Panasonic Lumix LX100

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“The best camera is the one that you have with you!”

The above quote is some of the best photography advice I have ever received.

I’ve been doing photography for fourty years and I have owned several 35mm cameras and a few digital SLRs culminating with my formidable Nikon D700 “full-frame” Pro DSLR. A whole 6 years later, that camera still provides superb image quality and very little noise at high ISO. It’s only 12MP and it was basically the last DSLR released by Nikon without video capability, but it is still a superb camera today.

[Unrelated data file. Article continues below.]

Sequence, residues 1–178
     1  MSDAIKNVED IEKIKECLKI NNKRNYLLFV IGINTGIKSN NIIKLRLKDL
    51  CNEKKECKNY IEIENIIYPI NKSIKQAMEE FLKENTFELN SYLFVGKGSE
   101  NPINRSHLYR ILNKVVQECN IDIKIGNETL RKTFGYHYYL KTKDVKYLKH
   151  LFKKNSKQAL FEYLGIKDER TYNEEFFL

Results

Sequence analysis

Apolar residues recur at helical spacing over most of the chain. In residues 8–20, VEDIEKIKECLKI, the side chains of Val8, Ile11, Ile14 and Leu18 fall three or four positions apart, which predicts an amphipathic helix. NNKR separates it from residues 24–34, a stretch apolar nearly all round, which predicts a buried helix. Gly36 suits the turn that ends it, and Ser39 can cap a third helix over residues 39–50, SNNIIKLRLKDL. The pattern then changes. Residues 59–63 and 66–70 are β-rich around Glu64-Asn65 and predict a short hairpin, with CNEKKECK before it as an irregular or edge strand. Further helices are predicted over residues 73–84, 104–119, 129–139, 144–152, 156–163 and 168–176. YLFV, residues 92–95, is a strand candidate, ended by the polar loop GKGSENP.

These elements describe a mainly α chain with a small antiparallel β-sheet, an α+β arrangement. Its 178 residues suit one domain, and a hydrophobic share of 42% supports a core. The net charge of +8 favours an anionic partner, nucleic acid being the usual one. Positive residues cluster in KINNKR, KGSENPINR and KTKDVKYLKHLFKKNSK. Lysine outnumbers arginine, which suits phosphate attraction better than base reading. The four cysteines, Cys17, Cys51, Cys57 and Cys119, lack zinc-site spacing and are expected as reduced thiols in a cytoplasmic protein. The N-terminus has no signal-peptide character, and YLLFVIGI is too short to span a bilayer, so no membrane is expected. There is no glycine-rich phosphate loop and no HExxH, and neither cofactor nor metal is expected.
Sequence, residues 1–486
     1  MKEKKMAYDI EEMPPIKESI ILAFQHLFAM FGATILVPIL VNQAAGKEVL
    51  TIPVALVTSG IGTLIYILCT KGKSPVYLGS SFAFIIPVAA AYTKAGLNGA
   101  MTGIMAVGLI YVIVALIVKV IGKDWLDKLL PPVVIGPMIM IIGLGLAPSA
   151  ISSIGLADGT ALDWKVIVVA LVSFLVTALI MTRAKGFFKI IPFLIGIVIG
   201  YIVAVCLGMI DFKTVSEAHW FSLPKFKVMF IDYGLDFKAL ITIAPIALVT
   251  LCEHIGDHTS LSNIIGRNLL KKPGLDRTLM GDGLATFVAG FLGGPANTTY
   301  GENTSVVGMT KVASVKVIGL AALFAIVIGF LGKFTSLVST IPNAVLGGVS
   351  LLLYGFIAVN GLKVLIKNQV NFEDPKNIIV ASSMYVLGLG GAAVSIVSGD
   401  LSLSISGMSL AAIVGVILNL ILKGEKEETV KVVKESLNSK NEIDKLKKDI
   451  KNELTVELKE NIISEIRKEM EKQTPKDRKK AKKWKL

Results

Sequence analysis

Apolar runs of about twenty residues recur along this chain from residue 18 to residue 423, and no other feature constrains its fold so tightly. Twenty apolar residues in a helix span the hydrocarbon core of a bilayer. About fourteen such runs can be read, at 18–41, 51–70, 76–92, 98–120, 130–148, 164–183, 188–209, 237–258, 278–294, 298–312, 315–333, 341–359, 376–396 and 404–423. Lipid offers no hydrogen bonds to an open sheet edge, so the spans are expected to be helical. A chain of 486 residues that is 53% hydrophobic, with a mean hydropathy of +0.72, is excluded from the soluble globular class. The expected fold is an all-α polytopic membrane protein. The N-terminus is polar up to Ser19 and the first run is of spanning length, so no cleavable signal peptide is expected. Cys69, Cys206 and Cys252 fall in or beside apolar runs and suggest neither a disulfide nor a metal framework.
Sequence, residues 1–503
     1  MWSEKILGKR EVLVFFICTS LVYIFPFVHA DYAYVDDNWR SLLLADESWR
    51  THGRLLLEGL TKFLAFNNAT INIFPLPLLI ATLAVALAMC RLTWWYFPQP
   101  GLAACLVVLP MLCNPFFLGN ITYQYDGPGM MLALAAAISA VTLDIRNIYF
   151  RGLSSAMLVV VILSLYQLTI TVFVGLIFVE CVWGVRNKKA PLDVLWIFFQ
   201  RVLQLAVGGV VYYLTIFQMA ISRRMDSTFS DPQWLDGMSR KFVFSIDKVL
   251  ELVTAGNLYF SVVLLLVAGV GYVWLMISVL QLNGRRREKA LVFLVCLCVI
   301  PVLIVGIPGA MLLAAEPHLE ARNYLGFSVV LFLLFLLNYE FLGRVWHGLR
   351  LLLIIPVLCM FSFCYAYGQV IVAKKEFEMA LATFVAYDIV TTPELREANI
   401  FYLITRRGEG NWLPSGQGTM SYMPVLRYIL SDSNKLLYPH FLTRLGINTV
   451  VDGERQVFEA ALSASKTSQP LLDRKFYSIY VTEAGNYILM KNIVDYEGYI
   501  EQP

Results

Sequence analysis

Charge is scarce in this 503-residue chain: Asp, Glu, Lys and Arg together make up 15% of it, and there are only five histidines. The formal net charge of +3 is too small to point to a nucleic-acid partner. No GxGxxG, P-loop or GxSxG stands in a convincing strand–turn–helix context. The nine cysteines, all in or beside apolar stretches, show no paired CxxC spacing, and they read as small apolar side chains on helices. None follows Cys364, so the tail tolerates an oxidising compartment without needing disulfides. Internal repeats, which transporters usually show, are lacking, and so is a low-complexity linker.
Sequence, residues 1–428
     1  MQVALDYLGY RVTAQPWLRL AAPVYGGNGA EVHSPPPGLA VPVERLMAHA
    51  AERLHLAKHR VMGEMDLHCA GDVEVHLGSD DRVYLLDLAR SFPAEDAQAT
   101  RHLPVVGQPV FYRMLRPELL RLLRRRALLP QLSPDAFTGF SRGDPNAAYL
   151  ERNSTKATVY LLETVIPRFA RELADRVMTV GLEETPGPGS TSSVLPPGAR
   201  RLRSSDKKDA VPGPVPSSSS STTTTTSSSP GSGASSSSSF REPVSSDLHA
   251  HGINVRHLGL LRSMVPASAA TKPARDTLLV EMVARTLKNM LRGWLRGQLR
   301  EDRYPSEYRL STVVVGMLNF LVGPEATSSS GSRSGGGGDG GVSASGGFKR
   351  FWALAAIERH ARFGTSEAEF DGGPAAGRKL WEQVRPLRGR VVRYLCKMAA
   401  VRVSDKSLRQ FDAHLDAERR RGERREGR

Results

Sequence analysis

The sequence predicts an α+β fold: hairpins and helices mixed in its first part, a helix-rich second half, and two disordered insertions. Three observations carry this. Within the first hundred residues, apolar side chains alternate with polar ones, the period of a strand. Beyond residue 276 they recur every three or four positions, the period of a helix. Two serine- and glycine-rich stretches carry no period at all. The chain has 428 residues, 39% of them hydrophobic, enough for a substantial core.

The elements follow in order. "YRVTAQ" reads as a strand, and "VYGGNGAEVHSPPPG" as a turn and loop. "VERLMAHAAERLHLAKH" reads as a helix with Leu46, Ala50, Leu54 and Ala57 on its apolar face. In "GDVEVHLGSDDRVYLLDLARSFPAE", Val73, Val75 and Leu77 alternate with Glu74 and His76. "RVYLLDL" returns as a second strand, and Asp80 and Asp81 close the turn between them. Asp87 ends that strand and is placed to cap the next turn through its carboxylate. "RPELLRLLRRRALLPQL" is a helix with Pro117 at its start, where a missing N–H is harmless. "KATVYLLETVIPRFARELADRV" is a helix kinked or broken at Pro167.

Nikon D700 w. 24-70mm f/2.8It has one big flaw: it is a very large and very heavy camera. When combined with the holy-trinity of professional Nikkor lenses (the 14-24mm f/2.8, 24-70mm f/2.8 and 70-200mm f/2.8, all superb but large, heavy and expensive) this basic “kit” occupies a large camera bag and weights about 20 lbs when including flash, batteries and a macro lens. When I was younger, I had no problem going hiking or street-walking with such a kit, but today I couldn’t be bothered. I also never took this kit for traveling, too cumbersome and valuable for that. At most I would take just the camera along with the all-purpose 24-70mm lens, but even that is quite large as you can see to the right and weights about 5 lbs, which is a lot of weight to lug around on your shoulder all day.